Here we are describing in the connectome an organization that cannot be explained only in terms of pairwise node-to-node relationships. Interactions between more than a pair of nodes (high order interdependencies) are described using information theory tools [42,43], giving rise to phenomena like redundancy and synergy that appear in the brain activity. These cannot be understood nor measured if only pairwise relationships are quantified. A similar situation can be occurring at the connectome level, and the s-core decomposition is a first step toward the description of kind of structural high-order interactions. A question for future research is whether the functional high-order interactions–as the one revealed by non-trivial “meta-connectivity”, constraining fluctuations of pairwise resting state functional links –are related to the core-shell organization.
Even if we cannot yet fully explain the observed ignition behaviour of the model in terms of the network organisation of the connectome it embeds, these organisations remain nevertheless a strong determinant of the observed dynamics. This finding is in apparent contrast with theoretical works based on more abstract network topologies [10,11,17] in which the variety of possible dynamical behaviours transcends structural complexity. A first possible reason is that dynamical diversity is strongly amplified by connectome symmetries and the resulting possibility of a multiplicity of ways of breaking these symmetries . Now, the Human connectome, with all its characteristic heterogeneities and idiosyncrasies, is far from being symmetric. Second, we focus in this work on the network multi-stability between the two main ignited and baseline activity branches of the mean-field whole brain model. However, other sub-dominant states exist between the early ignition G- and the late flaring G+ points, in which the spatial patterns of regional low or high activation levels are less influenced by the structural backbone . Finally, we adopted here a very simple regional dynamics, with bi-stability between just two fixed points, but we expect that using neural masses able to express richer regimes–oscillatory, bursting, chaotic, etc. [17,45,46]–could eventually reduce the sway of connectivity on collective emergent dynamics.
Future extensions of our model will have not only to embed richer dynamics but also to investigate more dynamic notions of ignition. The specific way in which we treat ignition within the present study is rather static. We focus on the possibility that specific regions develop bistability between a baseline and an ignited state and we track at which value of the inert-regional coupling G this bistability becomes first sustainable. However, we do not study the effects on the ongoing dynamics of an actual switching from baseline to ignited state occurring. Experimentally, local ignition is associated with a “glow”, e.g. to a reverberation of enhanced activation followed by propagation toward neighbouring regions [20,21]. Recently, mean-field whole-brain models able to reproduce in certain conditions such as propagation of ignition, thanks to a balanced amplification mechanism, have been introduced . Analogously, other modelling studies have measured the “intrinsic ignition” capabilities of different regions by quantifying their capacity to propagate to neighbouring regions the effects on activation of a locally received perturbation . In our model, we expect that, near the ignition point, perturbing a node within the largest s-core to switch from baseline to a locally ignited state would quickly result in all the other nodes within the largest s-core to get ignited as well, given the strong mutual excitation loops presented within this core. However, we chose here for simplicity to characterize the collective equilibrium state after network ignition has taken place, postponing to future studies the investigation of the out-of-equilibria transient dynamics leading to these ignited equilibria. In this sense, our static definition of an ignition core as the subset of regions whose local dynamics is pushed by network dynamics to be close to its critical instability point–making them able to easily switch between low and high firing rate states–is quite related to the notion of “dynamic core” introduced by Deco et al. . Dynamic core regions, indeed, identified after the convergence of a fitting procedure (and not by the study of their participation into ignition dynamic transients), are defined as sitting closely at the bifurcation between asynchronous and oscillating local states.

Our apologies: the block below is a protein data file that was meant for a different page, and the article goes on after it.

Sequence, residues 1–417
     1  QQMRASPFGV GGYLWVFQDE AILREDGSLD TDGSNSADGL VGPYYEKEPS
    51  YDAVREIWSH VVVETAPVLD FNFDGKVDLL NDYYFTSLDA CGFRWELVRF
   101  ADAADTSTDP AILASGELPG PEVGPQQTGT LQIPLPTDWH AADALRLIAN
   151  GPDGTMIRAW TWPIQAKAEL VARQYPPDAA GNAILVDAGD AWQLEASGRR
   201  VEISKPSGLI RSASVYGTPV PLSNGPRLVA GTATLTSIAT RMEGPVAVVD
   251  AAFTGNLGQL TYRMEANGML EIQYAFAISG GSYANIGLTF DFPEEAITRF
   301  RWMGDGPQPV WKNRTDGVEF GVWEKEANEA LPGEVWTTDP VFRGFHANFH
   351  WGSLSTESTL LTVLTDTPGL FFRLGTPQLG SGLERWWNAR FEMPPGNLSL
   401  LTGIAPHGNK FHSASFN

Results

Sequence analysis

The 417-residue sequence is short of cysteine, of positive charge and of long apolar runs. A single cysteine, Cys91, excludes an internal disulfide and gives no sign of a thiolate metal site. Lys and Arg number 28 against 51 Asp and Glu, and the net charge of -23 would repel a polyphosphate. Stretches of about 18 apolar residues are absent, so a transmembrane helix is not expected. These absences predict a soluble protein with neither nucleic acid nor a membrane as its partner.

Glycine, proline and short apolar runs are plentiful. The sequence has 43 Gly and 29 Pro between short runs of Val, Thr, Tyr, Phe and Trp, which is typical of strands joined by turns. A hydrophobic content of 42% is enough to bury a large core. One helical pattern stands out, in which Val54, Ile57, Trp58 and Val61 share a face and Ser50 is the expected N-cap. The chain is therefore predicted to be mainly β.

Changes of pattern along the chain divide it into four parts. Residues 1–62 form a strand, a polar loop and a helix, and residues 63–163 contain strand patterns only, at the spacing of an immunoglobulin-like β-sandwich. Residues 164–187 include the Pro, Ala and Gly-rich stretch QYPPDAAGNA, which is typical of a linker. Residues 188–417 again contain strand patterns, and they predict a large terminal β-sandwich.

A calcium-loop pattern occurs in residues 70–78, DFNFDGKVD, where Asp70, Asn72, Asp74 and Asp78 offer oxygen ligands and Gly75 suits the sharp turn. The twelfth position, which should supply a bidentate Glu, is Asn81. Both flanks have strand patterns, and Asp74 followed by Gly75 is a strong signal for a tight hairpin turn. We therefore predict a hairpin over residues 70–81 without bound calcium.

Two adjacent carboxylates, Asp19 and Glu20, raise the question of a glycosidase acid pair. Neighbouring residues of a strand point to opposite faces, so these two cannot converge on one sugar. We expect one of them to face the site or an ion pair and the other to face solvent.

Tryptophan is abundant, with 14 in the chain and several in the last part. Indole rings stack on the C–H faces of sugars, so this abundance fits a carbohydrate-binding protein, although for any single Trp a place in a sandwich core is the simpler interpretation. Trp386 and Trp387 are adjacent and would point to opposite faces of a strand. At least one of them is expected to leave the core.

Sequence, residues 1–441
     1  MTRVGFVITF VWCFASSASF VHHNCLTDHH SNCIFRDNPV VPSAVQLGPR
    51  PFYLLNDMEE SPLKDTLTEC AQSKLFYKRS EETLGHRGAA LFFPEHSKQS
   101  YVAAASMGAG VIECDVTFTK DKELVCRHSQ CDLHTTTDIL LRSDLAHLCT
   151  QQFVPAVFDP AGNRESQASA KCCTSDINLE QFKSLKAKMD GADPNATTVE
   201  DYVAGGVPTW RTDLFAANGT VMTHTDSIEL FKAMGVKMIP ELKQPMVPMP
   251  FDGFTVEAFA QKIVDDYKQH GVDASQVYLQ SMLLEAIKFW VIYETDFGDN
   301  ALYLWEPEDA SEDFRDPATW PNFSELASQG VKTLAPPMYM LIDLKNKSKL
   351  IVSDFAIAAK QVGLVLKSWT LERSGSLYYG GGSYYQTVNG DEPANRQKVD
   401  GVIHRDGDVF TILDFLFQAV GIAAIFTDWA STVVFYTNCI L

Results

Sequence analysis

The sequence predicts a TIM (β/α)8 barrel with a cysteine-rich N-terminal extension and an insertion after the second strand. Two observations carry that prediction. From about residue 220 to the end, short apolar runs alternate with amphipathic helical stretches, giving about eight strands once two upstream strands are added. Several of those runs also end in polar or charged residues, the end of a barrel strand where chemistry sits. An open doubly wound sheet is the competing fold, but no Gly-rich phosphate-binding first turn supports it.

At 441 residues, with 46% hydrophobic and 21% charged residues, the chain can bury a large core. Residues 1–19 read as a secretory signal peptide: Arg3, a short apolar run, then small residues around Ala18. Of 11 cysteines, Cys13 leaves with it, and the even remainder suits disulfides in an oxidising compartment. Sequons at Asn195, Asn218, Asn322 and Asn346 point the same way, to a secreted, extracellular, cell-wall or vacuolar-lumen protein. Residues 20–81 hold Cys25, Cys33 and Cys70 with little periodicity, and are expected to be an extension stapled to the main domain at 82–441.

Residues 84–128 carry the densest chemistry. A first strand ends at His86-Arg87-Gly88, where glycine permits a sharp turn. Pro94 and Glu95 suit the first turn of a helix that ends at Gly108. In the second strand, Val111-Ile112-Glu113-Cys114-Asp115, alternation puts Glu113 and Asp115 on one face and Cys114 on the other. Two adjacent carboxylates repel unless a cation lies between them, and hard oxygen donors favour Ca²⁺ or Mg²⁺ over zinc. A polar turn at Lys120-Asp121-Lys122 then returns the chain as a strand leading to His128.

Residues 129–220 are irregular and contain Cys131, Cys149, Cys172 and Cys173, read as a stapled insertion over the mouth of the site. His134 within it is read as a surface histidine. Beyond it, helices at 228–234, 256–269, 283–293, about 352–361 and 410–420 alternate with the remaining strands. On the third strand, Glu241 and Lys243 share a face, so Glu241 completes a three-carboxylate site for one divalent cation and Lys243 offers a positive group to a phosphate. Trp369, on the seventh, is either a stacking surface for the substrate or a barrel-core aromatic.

Even without studying the actual propagation dynamics of ignition, our modelling approach discovered that the effects of ignition (i.e. the resulting ignited network states) supported by the Human connectome are the most graded and fine-tunable among all the tested surrogate connectomes. In the ignition framework of Deco and Kringelbach  four classes of ignition are defined, that range from weak non-hierarchy to graded uniform hierarchy (Fig 6A–6D). In the first case, all the nodes have the same susceptibility to be ignited, while in the latter case there exists a linear uniform gradation in the ignition of the nodes. Between these poles, two other classes are staircase hierarchy and graded non-uniform hierarchy. Our results fit better with the staircase hierarchy class; there is a subset of nodes susceptible to be ignited and this number is smoothly controlled by the coupling gain (Fig 6E, orange arrow). In the randomized networks, there is a narrower range for the recruitment of cortical areas as G is increased (Fig 6F). Moreover, our investigation of randomized surrogate connectomes reveals that the likelihood that connectome structures supporting such a smooth hierarchy of possible ignited network states arise by chance is rather small. Thus, there must be some reason for which the Human happens to be as it is, a needle in the haystack of possible connectomes.